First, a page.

Enhancing Educational Access to Art
Art museums are an important unit on several university campuses. These museums bring value to the university community by serving as custodians of paintings, sculptures, prints, and drawings. These museums serve as a resource of unparalleled importance in education related to art, architecture, language, and culture by providing instructors with access to rare artifacts of cultural significance. While the museum staff is committed to helping faculty locate items of interest, they are hard pressed for time and do not always possess the domain-specific vocabulary used by instructors in diverse disciplines. Artifacts in the museums are organized and described by museum professionals, while they are used by academics. The resulting disconnect between the expectations of both groups affects the use of these artifacts. We aim to address this issue by enhancing a collection of prints and drawings at the Blanton Museum of Art with a rich, domain-specific description that meets the expectations of a multi-disciplinary faculty.
Instructors in several departments at UT Austin use the Prints and Drawings Collection as a teaching tool. This collection includes over 13,000 artifacts, which were executed over four centuries. This is a closed collection and the collection manager provides access to specific prints and drawings upon request. The metadata related to the prints can be accessed only through computers situated in the museum, further limiting access to it. Thus, instructors are unable to browse the collection at their convenience and rely heavily on the Blanton staff to provide suggestions for relevant works. This practice results in a small pool of items being viewed repeatedly, while other prints of interest go unnoticed.
We take a used-centered design approach to create a prototype of a richly described repository of artifacts from this collection. We started by conducting interviews of faculty in the areas of Art, Art History, French, and Architecture to gain an understanding of their challenges in accessing the collection and their needs for effectively locating items of interest. Based on the responses from these instructors, we have made two modifications to the infrastructure: firstly, we populated a repository using CollectiveAccess, an open source repository software, with representative samples of prints used by these instructors to enable long-distance, internet-based access. We also augmented the metadata contained in the museum’s proprietary cataloging software to include fields and content desired by the instructors using the Getty Institute’s CDWA Lite schema. The resulting repository is thus based on open standards, improving the potential for its use by various demographics on campus, as well as, improving its visibility for remote users and repositories through interoperability protocols.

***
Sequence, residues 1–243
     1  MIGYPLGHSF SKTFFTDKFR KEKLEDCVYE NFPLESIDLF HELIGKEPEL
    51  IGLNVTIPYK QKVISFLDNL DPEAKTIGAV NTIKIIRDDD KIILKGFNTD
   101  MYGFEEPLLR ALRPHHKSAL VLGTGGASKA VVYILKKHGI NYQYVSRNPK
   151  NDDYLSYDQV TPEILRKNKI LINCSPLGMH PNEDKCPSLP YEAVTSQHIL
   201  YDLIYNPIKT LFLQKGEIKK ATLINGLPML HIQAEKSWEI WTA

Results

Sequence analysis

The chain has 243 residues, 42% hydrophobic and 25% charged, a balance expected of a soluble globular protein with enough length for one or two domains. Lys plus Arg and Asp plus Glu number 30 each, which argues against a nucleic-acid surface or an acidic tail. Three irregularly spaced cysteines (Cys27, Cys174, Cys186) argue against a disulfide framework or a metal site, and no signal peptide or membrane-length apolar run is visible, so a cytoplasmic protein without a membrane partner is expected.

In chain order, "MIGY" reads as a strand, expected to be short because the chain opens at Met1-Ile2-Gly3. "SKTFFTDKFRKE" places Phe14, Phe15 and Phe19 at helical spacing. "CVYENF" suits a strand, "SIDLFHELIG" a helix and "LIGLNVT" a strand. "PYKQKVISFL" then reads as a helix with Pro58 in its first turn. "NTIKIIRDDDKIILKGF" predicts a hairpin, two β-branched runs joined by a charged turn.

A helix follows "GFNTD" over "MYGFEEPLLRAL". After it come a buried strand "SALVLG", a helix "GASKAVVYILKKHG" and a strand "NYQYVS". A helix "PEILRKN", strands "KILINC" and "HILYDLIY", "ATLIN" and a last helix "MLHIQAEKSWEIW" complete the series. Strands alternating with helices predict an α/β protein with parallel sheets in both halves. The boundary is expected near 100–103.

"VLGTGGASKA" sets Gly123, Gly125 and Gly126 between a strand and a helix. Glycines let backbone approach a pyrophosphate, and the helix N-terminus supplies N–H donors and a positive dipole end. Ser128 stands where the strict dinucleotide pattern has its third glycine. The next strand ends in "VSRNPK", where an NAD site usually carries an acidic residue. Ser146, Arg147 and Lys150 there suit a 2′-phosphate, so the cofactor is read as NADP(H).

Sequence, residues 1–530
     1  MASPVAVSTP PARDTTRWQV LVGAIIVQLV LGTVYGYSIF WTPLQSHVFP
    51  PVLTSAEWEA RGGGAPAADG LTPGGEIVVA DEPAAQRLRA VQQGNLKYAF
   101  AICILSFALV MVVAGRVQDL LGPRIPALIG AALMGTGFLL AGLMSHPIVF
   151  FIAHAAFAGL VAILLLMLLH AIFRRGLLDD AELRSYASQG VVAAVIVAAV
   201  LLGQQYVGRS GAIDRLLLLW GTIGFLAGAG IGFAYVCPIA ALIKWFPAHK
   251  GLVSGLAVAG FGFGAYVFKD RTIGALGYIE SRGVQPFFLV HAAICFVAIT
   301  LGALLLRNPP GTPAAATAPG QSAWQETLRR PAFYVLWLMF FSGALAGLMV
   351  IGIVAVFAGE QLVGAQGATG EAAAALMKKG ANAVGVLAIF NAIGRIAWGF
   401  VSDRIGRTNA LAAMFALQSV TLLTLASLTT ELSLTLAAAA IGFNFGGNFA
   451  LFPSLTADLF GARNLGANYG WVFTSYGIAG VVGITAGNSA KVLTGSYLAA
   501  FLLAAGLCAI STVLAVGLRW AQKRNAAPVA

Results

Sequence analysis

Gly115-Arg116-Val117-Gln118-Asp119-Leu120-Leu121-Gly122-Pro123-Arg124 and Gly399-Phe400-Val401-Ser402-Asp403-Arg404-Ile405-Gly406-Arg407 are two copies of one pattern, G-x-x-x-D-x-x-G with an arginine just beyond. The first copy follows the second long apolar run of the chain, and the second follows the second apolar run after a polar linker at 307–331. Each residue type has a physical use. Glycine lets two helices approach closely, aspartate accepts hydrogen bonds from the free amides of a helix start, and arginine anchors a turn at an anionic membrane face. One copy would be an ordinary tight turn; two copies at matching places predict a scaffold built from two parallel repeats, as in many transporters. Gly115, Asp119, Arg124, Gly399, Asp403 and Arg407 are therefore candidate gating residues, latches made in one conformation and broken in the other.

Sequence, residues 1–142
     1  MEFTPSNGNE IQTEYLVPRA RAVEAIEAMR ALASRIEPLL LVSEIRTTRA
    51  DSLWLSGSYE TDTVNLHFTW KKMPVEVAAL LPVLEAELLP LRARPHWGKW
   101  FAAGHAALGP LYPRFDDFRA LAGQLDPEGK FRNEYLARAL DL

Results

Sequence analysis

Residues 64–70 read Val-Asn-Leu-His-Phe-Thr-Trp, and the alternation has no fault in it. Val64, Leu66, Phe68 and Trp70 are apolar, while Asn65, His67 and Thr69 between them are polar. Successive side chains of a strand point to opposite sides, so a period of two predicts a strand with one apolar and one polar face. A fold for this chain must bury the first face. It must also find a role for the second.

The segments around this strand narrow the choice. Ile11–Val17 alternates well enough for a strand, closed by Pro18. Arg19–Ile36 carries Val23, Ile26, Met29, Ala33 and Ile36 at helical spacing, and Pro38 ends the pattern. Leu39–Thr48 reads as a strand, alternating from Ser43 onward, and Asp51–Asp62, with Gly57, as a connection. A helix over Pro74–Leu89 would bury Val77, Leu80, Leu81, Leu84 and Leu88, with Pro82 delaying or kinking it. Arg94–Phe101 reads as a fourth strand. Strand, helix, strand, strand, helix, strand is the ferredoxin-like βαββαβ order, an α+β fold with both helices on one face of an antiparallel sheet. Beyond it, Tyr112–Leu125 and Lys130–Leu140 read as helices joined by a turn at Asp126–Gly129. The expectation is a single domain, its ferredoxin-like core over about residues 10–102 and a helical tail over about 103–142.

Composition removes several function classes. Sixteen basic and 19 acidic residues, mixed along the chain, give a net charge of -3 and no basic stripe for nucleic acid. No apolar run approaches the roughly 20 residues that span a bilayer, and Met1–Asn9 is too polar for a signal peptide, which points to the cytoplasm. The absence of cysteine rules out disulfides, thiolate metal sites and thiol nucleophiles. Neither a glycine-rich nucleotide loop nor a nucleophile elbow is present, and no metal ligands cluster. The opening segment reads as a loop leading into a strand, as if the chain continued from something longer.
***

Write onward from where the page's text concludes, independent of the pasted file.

We are currently evaluating this prototype repository. In the first stage, we are evaluating our design with the help of the instructors who set the expectations for this repository. This evaluation will help us fine tune the interface features, repository architecture, as well as our use of the CDWA Lite schema.